Safety was an issue that Biewer said she didn`t spend a lot of time thinking about on the trip. Although she left behind three young children and her husband, she found an inner peace and tranquility. The areas she visited were home to African "killer bees," piranhas, and sometimes hostile governments. "It is really hard to leave my children, and, if for some reason I don`t come back, I trust that God will take care of them," she said.
A safety issue that the team could control was limiting the risk of infection by wearing gloves, masks, and protective eyewear. These items were used extensively by the mission team.
Another challenge Biewer faced was cleaning instruments between patients. Because of the lack of electricity, an autoclave was out of the question. So the soiled instruments were rinsed and disinfected with a gluteraldehyde solution, then rinsed again with boiled water.
"It wasn`t a perfect procedure but compared to the conditions they live in, we did a pretty good job. We left gluteraldehyde with the local villager that we trained to do dental work. When he runs out, he was instructed to use bleach tablets, available from the larger cities, to disinfect the instruments."
Biewer recently returned from her third trip overseas where the mission team stayed for two weeks in very remote Las Pacayas, Guatemala. This rainy and cool village is home to about 850 people.
"This was, by far, my most exhausting trip," said Biewer. "A dentist accompanied us on this trip, and he performed the extractions and trained a person in the village how to perform extractions as well. The first time I went to Las Pacayas no one even knew what a cleaning was. This trip, they were lined up and I actually had to turn people away. I performed 112 prophies in seven clinic days. The last day my hands were swollen. But our equipment was better because we had a real dental chair, a generator, and other more modern conveniences. The best part was that I could see the changes from the last time I was there. People were taking better care of their teeth.O
All of this mission work makes Biewer determined to help the less fortunate in her hometown. Her goal is to have a dental hygiene clinic for the homeless of the county where she resides.
ODentists in my area will volunteer to do emergency care at reduced rates for the homeless, but there is no system like this for dental hygiene. A person could donate one day a month and really make a difference in her own corner of the world.O Legislation has been introduced in Michigan (and in other states) that may make a clinic like this a legal reality.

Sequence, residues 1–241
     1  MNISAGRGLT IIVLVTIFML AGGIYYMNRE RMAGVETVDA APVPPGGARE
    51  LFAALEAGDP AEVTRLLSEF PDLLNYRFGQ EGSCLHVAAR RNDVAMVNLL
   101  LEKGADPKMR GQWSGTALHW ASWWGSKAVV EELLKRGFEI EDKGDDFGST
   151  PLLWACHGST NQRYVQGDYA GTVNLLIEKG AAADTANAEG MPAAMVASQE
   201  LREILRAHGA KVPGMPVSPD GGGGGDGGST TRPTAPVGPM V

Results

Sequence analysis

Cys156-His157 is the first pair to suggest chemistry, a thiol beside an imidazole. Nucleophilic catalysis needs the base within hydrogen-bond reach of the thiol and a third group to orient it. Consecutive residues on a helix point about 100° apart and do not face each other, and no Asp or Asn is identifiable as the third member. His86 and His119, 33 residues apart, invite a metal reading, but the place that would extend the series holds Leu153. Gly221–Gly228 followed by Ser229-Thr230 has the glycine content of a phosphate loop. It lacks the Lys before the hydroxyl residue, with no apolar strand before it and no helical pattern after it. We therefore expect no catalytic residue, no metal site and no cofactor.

For now, Biewer is going where the opportunity is, even if that means overseas. She encourages fellow dental hygienists to join her.
OYou?ll see things you?d never see as a tourist,O she said. OTourists are despised. As a health professional, you are recognized as being there to help their people. They welcome you and even allow you into their home.O
OI used to feel guilty after being on a mission trip. Here I am with so much and there are these people who have so little. Now I feel thankful for what I have. These people don?t realize they have nothing. They want the same things we do ? the things money can?t really buy .. healthy children and a little higher standard of living. They don?t want a car or a house or any other of our things. We didn?t go to Americanize the people. We were just there to help. They don?t want to be like us.O
Cathleen Terhune Alty, RDH, is a contributing editor for RDH and is a member of the Office of Sterilization and Asepsis Procedures Research Foundation.
Travel Agents for Wandering Hygienists To Contact
If you long for something out of the ordinary, crave adventure, want the chance to see parts of the world few people have ever seen, and would like to help a small part of humanity all within a week or two-week vacation, you can join the growing ranks of dental professionals who choose to volunteer their time to help those with dental needs of every kind.
Christian Dental Society
P.O. Box 177
Sumner, IA 50674
Christian Medical Dental Society
1616 Gateway Blvd.
P.O. Box 830689
Richardson, TX 75083-0689
Health Teams International
7518 S. Evanston Ave.
Tulsa, OK 74136
P.O. Box 7002
Seattle, WA 98133
American Dental Association
International Dental Health Dept.
(800) 621-8099 extension 2726
Request publication: "International Dental Volunteer Organizations: A Guide to Service and a Directory of Programs." $20 for non-members.